By Tom Claycomb III
Camp Cooking Tips For The Back Country
I love camping and cooking outdoors. My mind is free to focus – or not. Mostly not – on a job, a 401k or yard work. Camp cooking can be epicurean delights, like the meals my buddy Dan Sweet whips up for us in elk camp on his Louisiana Grills smoker and Camp Chef. (I can just about taste the grilled halibut, salmon and steaks.) But for today, let’s talk about spartan-style camp cooking in rougher conditions.
If you pack in on horses you’ll either be cooking over a fire or using the old standby Coleman stove. I’ve cooked enough camp meals on my old Coleman to feed an army. But what if you’ve backpacked in? Or maybe you took off on an all day hike and want to cook a hot meal.
More than likely you’ll be cooking over a wood fire. (Granted, you can buy small backpacking stoves, but I don’t have one). You’ll need to pack along a simple mess kit and a small coffee pot to heat water for coffee or oatmeal.
Six Easy Camping Meals
1) Although costly, backpacking meals by Mountain House almost reach gourmet standards. To prepare them, pull the absorbent package out and add hot water. That’s it. If you want to save money you can buy powdered mashed potatoes, dehydrated hash browns and dried fruit. I’ve packed in canned goods before but the water adds a lot of unnecessary weight.
2) At an Xtreme Winter Camping seminar at Sierra Trading Post this winter a guy gave me this easy camping recipe with chicken:
- 1½ cups water
- 1 stick butter
- 6 oz. of stovetop stuffing mix
- 2-5 oz. cans of chicken
- ½ cup chopped celery (Chop at home and carry in a baggie)
- ½ cup Craisins
- Boil water and stir in all the above. Let sit for two minutes, stir and eat.
3) Another easy camping meal – heat some water and add instant potatoes. Then cut up a slice of ham and have ham and potatoes. Many kinds of dried potatoes are available.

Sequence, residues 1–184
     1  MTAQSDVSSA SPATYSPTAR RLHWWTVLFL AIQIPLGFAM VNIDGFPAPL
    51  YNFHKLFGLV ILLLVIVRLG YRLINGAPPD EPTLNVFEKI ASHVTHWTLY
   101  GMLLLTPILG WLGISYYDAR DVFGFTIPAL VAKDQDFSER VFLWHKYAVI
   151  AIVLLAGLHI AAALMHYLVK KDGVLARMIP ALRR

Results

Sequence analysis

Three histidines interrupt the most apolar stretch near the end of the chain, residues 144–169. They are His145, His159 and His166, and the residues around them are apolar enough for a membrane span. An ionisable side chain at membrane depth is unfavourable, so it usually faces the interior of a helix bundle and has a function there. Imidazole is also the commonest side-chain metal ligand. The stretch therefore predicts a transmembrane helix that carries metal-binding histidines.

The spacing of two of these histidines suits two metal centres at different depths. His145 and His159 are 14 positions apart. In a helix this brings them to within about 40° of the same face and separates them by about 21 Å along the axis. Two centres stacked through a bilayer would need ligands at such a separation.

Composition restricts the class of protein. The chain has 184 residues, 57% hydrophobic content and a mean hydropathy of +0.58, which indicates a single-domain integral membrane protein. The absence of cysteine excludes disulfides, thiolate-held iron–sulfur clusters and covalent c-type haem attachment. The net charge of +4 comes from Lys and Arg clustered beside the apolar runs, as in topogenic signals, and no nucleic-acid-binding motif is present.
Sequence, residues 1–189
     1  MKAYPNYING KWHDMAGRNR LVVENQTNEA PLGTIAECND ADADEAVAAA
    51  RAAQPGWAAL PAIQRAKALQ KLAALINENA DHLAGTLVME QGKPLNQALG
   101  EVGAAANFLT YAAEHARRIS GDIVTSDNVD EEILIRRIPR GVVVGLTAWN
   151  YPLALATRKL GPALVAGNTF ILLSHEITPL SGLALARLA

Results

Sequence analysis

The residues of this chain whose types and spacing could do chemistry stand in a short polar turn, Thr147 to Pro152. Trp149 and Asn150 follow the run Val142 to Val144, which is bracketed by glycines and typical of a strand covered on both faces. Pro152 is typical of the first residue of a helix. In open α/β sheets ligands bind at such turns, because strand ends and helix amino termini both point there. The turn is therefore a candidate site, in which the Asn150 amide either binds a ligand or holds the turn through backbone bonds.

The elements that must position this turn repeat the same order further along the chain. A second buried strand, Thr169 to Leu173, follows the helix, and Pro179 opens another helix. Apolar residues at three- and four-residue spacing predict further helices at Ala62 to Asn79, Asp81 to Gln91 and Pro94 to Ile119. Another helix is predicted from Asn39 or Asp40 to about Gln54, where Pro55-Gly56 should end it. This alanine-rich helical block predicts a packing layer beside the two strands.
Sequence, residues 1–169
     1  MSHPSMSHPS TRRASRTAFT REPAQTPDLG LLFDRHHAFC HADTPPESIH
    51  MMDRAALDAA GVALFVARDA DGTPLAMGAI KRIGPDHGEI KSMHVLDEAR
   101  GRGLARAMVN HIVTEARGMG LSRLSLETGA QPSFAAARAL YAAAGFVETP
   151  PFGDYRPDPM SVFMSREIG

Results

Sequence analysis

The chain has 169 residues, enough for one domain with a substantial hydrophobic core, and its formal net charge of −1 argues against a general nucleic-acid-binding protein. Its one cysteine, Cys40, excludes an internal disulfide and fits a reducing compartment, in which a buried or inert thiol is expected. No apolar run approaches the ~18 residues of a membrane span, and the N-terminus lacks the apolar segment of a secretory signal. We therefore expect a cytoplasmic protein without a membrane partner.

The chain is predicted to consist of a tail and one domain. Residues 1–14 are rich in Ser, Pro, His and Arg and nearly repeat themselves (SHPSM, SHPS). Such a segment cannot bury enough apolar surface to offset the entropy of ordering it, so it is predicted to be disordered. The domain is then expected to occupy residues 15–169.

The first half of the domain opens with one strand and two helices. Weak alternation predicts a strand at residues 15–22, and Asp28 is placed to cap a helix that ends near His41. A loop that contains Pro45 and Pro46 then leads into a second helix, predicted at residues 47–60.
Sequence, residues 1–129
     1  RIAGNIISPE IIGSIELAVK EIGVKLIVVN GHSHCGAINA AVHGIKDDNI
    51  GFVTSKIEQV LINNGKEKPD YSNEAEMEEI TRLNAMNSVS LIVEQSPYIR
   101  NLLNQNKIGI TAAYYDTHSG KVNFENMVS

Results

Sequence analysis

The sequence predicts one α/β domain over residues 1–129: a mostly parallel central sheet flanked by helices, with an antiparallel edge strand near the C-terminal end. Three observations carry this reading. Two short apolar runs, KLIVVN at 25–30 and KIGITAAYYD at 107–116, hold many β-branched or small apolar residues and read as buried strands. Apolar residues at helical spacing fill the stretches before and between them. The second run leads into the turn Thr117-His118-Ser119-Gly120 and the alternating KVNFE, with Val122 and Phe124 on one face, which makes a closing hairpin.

4) For breakfast, oatmeal is easy. Dress it up by bringing along brown sugar, dried fruit and nuts in a baggie. When Komson Silapachai from Texas went with me on a backpacking fly-fishing trip we topped off our oatmeal with fresh-picked huckleberries. Wow – that was good!
5) And what’s better than being up in the high country and frying up a mess of trout? Carry along a small bottle of grease to fry your fish in. You can also wrap them in foil.
6) Like Burritos? Take a baggie of anything – potatoes, sausage, cheese, scrambled eggs. Heat up along with a tortilla and you’re good to go.
What to Do for Water?
In the mountains there’s always a spring or creek so I don’t pack water. I carry a water filter by Aquamira or a filtered bottle to drink from while hiking. For cooking I boil water in a pan or coffeepot to sterilize it. Firing up a pot of coffee or hot chocolate is always a welcome comfort when you’ve hiked in a ways, especially on a cold
Fast Frozen Food
If you’re really hitting it hard from daylight to dark, cook stews and chili beforehand and freeze them. When you get back to camp after dark you just throw a frozen bag of stew in a pan of water. Heat & eat! Early this spring Shawn Lee wanted to ride his horses up to the top of a mountain to start getting them exercised. We stopped under a pine tree where I heated up some frozen stew I had thrown into a saddlebag. Along with a pot of coffee – that hit the spot.
Other Camp Cooking Tips
To keep perishables, just build a rock ring in the creek and put your food in the frigid mountain water shaded by tree branches. Last year we packed in a guy from Boston who had never ridden a horse or fly-fished. We caught a mess of fish, and since Shawn had dinner cooking by the time we got back to camp, we put them in our rock ring to save for breakfast. Tough luck – a river otter found them before dawn.
I hate being a whiner, but I don’t like cold meals. And it’s not that hard to whip up something hot. If I leave base camp for a day of elk hunting, fly-fishing or maybe just a hardcore hike, I like to whip up a hot meal. One caution – your mess kit will be black from smoke after cooking. So bring some grocery bags and put your kit in them for the trip home.
Share your camp cooking tips or your favorite camping meals, below…
Tom lives in Idaho writes outdoor articles for various newspapers, magazines & websites. If it’s something outdoors, he probably likes it. You can read some more of his writings at: www.Amazon.com, www.TomclayComb3.com, and www.BassPro.com.
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